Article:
It seems very likely Sam ended up in LA, following some dream but failed to match the ambitions of the men who actually achieved it. Sam is shown to be a failure, moments away from the homeless folk he sneers at… he stinks of failure and he has no where to go but down the rabbit hole of trying to find self-importance in unravelling twisted truths that don’t exist and even if they did… what can he truly do about them.

The Dog Killer (Heavy Spoiler Section)

Under the Silver Lake (2018)

If missing people, global conspiracies, and the unexplained are not enough surreal mystery to partake in then there is also the issue of The Dog Killer lurking in the shadows. There’s a lot of wild directions this plot point can be taken it’s the omnipresent force throughout the narrative, subtlety and persistently looming like the eyes of T.J. Eckleburg over this version of Los Angeles. There are a lot of interesting ways to interpret the Dog Killer, Dog is an anagram for God and that with a twisted perspective of women might draw a “bitch” connection.

Clicking on the Reddit link here, you can see all the convincing evidence that appears to point towards Sam being The Dog Killer. Given that this film follows an unreliable narrator, and an unreliable universe so it wonders what is the truth?

There’s a mountain of evidence, coincidences, and strange happens that all seem to point to Sam being the Dog Killer and that’s what most people seem to believe…. But I’m quite skeptical. Sam has violent outbursts, a perceived vendetta against dogs, has a misogynistic outlook on women… so why would I feel that he may be more innocent than you might believe he is? The film is illustrating how Sam’s reality is a warped by his obsessions, paranoia, and delusions… what if instead of being in denial of his killings, he’s actually is deliriously accepting of it.

Under the Silver Lake (2018)

I believe Sam might be someone giving a “false confession” which is a often occurrence in criminal justice. I believe Sam’s final confrontation with the Trash King is representative of Sam’s interrogation over the killings or how he perceives such an integration would go. The Innocent Project that hopes to aid those who give self-incriminating confessions and police force on how this issue could be combated; they list the following as factors that may cause one to commit a false confession.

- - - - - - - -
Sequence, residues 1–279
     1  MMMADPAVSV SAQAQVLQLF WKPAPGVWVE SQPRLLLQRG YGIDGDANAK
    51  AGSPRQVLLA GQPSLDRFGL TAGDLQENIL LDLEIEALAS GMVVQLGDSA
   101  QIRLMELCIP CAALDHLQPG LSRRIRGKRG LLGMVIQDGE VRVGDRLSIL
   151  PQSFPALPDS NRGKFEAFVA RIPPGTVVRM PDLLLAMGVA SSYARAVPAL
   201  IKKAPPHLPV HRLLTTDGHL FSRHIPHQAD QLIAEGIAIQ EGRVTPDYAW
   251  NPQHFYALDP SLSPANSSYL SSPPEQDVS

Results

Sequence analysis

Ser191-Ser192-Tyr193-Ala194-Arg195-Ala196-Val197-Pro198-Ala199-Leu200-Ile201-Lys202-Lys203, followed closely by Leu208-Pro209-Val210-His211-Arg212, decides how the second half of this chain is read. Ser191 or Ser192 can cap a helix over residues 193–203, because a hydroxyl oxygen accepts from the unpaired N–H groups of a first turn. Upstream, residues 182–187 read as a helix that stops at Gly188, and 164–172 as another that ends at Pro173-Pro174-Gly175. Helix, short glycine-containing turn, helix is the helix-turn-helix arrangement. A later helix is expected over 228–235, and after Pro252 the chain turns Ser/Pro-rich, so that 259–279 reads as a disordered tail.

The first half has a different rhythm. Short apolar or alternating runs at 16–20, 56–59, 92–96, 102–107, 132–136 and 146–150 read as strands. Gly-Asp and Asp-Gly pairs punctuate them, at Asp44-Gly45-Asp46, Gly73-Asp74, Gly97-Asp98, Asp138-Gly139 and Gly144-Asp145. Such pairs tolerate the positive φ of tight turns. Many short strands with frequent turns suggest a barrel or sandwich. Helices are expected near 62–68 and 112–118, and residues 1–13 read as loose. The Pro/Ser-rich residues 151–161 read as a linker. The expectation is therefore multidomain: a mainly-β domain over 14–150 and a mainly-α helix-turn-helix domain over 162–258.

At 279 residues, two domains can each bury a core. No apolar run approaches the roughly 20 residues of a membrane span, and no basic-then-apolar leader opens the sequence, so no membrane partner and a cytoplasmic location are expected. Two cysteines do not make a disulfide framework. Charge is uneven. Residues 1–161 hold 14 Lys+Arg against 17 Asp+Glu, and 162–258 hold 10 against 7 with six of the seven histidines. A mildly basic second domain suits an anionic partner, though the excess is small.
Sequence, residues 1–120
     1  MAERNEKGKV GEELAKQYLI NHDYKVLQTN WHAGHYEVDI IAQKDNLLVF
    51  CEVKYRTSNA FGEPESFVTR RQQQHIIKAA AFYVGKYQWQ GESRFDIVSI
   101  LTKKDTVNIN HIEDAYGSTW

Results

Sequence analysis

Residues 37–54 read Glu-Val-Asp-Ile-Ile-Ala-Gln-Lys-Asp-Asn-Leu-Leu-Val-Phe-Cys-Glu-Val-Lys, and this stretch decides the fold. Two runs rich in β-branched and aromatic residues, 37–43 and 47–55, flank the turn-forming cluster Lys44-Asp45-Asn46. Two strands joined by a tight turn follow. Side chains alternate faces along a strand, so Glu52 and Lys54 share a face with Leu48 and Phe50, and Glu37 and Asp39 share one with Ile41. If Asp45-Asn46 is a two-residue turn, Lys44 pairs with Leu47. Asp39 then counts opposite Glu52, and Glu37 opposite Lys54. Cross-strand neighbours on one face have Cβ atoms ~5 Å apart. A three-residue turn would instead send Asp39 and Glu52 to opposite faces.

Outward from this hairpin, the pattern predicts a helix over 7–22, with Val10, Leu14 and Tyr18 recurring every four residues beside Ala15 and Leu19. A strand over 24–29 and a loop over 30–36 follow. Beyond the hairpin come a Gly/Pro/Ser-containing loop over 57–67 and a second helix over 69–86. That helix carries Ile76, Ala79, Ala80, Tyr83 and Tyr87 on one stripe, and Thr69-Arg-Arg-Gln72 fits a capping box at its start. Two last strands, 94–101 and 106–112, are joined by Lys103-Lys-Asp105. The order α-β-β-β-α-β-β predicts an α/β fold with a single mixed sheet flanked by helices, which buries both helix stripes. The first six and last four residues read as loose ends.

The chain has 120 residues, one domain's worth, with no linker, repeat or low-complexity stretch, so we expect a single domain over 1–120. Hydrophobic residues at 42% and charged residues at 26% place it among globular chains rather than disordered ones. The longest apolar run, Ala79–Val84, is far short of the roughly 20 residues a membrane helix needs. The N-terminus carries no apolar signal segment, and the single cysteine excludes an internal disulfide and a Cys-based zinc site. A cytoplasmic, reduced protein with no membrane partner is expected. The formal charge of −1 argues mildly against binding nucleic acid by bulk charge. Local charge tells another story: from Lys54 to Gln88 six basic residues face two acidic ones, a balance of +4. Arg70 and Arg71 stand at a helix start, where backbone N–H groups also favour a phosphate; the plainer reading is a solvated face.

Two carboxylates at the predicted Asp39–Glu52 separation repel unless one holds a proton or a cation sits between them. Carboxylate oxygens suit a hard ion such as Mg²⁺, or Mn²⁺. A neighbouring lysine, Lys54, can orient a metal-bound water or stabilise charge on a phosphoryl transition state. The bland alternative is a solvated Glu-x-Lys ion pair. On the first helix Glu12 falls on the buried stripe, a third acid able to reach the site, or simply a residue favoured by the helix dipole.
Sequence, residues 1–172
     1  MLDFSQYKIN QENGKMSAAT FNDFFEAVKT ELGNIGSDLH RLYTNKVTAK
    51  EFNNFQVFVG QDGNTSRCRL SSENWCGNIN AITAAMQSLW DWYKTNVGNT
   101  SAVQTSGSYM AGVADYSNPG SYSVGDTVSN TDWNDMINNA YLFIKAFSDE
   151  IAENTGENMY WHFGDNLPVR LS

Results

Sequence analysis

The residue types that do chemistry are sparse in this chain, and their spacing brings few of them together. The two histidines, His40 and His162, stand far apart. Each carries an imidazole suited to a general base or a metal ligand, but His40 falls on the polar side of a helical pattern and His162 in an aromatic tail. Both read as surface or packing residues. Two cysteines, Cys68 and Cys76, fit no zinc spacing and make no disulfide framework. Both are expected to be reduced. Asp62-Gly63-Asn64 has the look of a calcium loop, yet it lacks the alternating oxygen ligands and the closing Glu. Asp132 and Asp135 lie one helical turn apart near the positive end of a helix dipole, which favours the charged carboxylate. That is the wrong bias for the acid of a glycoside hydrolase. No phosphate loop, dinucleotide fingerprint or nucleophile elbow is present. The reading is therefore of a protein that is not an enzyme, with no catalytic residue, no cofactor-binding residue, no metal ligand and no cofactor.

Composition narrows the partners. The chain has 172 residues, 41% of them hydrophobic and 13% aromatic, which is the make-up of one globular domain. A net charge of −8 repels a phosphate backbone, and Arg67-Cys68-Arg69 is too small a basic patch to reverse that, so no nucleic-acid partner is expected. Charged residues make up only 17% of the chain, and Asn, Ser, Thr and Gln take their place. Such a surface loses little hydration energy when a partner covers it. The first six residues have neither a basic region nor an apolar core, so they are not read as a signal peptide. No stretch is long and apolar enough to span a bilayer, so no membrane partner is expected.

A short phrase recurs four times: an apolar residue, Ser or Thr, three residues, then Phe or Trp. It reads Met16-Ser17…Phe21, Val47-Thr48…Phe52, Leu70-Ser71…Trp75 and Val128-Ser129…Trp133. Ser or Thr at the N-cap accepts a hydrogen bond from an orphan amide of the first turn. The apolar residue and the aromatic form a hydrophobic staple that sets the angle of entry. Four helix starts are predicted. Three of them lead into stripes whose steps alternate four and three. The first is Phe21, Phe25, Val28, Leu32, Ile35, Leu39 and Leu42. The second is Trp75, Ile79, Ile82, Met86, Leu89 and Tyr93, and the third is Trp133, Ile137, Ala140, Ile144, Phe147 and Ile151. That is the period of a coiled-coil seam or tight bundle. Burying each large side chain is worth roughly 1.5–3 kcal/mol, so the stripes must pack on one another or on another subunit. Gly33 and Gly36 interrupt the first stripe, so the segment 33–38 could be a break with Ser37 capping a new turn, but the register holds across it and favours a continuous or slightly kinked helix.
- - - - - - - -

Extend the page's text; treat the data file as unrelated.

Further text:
• Compromised reasoning ability of the suspect, due to exhaustion, stress, hunger, substance use, and, in some cases, mental limitations, or limited education. 
  • Devious interrogation techniques, such as untrue statements about the presence of incriminating evidence

Putting these in the film’s context, Sam has been all of the above; abusing the edible and jumping around town in an exhausting effort to unravel the mysteries around him. Then in the scene where he is interrogated by the Trash King, the smoking gun of the case is that Sam carries Dog biscuits in his pocket. Sam gives us a mentally unsound explanation as to why he has that… but not something I would entirely dismiss. Notice how it’s the Trash King pressing him to admit the connection, instilling in him that the only plausible answer is for Sam to be the Dog Killer.

The Dog Killer also has a strange existence as being a fictional character within the works of the comic “Under the Silver Lake” therefore, it’s hard to know if there is an actual Dog Killer or if it is just a heinous urban legend. At the very least, I feel most will agree that the Dog Killer throughout the film is for Sam and the audience both to question just how sinister our protagonist could be underneath the surface.

Conclusion

Under the Silver Lake (2018)

I fricking love this movie, please go watch it. It’s bizarre, thought-provoking and is such an interesting deep dive into a sub-culture that usually isn’t explored. David Robert Mitchell follows up It Follows with another film that is painting him as a director who feels so much in tune with millennial contemporary and twisting our current times and using film-making to create nightmarish trips. It reminds me a lot of Blow Up (1966) in that you got to worry less about story, character, and congruity and just let your self get sweep up in an off-kilter journey that you can’t find anywhere else.

2 thoughts on “Under the Silver Lake (Part 2)